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Gallery: Churches of Devon

by Peter Kessler, 22 December 2019

Exeter Part 7: Churches of Central Exeter

Assumption of Our Lady Chapel (Tuckers Hall), Exeter, Devon

The Assumption of Our Lady Chapel (Tuckers Hall) stands on the northern side of Fore Street, about forty metres west of the King Street junction. The Guilds and Incorporation occupied Tuckers Hall from 1471. For a time it also served as a chapel for the Fraternity of the Assumption of the Blessed Virgin Mary (the guild of weavers, tuckers, and shearmen), being officially recognised as such in 1523. By 1602 the building was entirely secular, probably following the Reformation.

St John's Bow Church, Exeter, Devon

St John's Bow Church (sometimes also known as St John de Arcubus, and possibly originally dedicated to St John the Baptist), stood on the western side of the John Street junction with Fore Street. John Street can be seen to the left of the church in this postcard which post-dates the 1863 removal of the bow over John Street. St Stephen's Bow today preserves a similar feature (see links), although St John's had its chancel here rather than a meeting room.

St John's Bow Church, Exeter, Devon

The oldest work in the church prior to demolition was pre-1400s - the building existed by 1222 - but the fabric had generally been rebuilt since then, and was extended southwards in 1791. A new chancel was supplied once the bow had been removed in 1863. The last service was held in 1933 and the church closed in 1934. It was demolished in 1937-1938, although the tower managed to survive a further twenty years. Today the site is occupied by retail premises.

Bow Meeting, Exeter, Devon

Bow Meeting stood midway along the west side of John Street, formerly visible from Fore Street by glancing under the 'bow' of St John Bow (above). This view of John Street is from the south end, alongside a public house. This Presbyterian Independent meeting was established at the end of the 1600s, with similar meetings named James and Little Meeting (see links). It helped to found the Dissenter's Graveyard in 1748, but closed in 1794 to move to Castle Street.

Friernhay Plymouth Brethren Meeting Room and Friernhay Congregational Church, Exeter, Devon

Friernhay Plymouth Brethren Meeting Room was on Friernhay Street's western side. The Brethren were here by 1897, close to Friernhay Congregational Church which was about forty metres from the northern end (on this side of the large bush). The Brethren possibly remained until around the Second World War period as did the Congregationalists. Since then, along with large areas of central Exeter, the western side of Friernhay has been extensively remodelled.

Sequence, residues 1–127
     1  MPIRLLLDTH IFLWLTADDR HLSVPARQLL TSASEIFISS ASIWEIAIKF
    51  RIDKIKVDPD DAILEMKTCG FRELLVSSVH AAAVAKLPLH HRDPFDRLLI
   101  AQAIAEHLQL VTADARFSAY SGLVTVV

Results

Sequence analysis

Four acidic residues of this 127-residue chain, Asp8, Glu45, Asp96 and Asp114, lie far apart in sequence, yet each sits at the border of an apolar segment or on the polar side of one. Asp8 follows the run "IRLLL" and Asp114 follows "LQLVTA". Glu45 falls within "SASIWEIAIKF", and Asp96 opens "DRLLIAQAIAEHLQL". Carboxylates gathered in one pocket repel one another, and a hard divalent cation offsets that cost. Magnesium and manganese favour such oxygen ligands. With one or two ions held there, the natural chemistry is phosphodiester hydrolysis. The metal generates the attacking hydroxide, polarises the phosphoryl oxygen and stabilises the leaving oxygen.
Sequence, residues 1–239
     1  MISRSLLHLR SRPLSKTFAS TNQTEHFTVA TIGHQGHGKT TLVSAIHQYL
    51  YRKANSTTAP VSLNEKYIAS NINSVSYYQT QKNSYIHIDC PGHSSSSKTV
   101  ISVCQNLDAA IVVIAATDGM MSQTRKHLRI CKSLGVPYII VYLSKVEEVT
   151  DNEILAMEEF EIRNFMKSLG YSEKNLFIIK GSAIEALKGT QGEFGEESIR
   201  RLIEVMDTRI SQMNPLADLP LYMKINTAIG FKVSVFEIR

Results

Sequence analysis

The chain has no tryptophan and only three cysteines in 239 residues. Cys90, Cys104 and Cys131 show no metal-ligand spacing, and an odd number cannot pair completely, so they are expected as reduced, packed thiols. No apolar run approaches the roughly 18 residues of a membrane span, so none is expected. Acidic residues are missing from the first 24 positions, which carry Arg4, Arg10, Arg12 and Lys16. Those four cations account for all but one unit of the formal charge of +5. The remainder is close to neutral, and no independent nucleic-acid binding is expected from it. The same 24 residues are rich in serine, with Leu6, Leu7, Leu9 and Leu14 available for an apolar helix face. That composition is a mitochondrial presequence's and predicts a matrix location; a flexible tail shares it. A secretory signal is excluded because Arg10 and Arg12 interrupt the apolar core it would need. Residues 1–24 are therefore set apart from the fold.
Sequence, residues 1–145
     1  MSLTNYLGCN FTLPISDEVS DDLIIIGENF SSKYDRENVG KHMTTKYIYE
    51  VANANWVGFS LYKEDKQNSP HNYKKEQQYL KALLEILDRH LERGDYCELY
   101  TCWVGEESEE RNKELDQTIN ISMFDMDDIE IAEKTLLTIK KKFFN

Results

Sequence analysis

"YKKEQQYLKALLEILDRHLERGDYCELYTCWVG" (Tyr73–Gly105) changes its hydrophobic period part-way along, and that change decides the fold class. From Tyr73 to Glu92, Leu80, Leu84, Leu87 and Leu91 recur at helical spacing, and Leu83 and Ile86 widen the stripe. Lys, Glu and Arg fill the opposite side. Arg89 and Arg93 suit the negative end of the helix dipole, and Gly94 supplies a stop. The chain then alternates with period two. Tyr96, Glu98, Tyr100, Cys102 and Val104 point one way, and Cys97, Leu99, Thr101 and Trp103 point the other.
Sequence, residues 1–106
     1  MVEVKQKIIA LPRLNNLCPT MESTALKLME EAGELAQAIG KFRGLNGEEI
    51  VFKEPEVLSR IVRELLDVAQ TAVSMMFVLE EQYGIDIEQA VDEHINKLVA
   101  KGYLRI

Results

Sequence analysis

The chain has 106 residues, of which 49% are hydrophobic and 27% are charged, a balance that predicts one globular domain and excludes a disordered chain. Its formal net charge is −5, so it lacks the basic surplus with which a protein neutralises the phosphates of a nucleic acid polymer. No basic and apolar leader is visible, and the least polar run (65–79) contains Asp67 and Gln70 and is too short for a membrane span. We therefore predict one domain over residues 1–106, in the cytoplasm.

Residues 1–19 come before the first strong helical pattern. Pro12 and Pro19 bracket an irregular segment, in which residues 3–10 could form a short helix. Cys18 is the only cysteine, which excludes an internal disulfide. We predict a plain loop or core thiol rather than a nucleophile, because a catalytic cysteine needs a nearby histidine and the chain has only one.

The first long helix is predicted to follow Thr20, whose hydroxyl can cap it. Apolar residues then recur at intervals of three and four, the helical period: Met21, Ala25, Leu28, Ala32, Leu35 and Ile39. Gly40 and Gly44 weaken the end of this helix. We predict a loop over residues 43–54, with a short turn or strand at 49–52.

Bartholomew Street Baptist Church and Westgate Christian Fellowship, Exeter, Devon

Bartholomew Street Baptist Church occupies the outside of the north-western corner of Bartholomew Street West, as the street veers eastwards towards the site of Allhallows-on-the-Walls (below). The chapel was founded around 1817 (registers start from that date), and it planted an outreach named St Thomas Baptist in 1940 (see links). Westgate Christian Fellowship inherited this building in the late 1960s, springing out of the 'House Church' movement.

Chapel of St Mary & St Francis, Exeter, Devon

The Chapel of St Mary & St Francis, Bartholomew Yard, lay within Friernhay Burial Ground, immediately south of the later St Bartholomew's Burial Ground - on the right of the railings here - and on the northern side of Bartholomew St West. This medieval chapel was part of the Franciscan friary which occupied the site (later to be the churchyard of Allhallows-on-the-Walls - below). The friars eventually moved out of central Exeter but the chapel survived until about 1500.

Church of Allhallows-on-the-Walls, Exeter, Devon

The Church of Allhallows-on-the-Walls, Bartholomew Yard, also lay within Friernhay Burial Ground (see above). It gained its name from a medieval church which bore the same name (or, alternatively, Allhallows-above-the-Wall) and which stood at the crossroads of Bartholomew Street and Fore Street between the 1100s and 1770 (although it was turned into a ruin in 1645-46 during the English Civil War). Its tower was virtually a defensive post on the wall.

Church of Allhallows-on-the-Walls, Exeter, Devon

The new church was built in 1843-45 in the middle of the now-full Friernhay Burial Ground, just after that had been closed and the new St Bartholomew's Burial Ground opened. Built in limestone, it weathered so badly that the tower pinnacles had to be removed by 1902. Declared redundant in 1938, demolition followed in 1950. The outer churchyard walls survive, as do the gateposts. The church was directly north of this particular set of steps on Bartholomew St West.

St Nicholas Catholic Church, Exeter, Devon

St Nicholas Catholic Church is on the eastern side of the passage between Bartholomew Street East and the western side of The Mint Church (immediately south of the Friernhay Burial Ground (see above), and opposite St Nicholas Priory (see links). It was built in 1790-92 using the local Heavitree sandstone but soon became too small. The congregation joined that at Sacred Heart Church (see links). This building was converted into apartments at the end of the 1900s.

Eight photos on this page by P L Kessler, and one from the History Files collection. Additional information from Discovering Exeter 7: Lost Churches, Exeter Civic Society, 1995.

 

 

     
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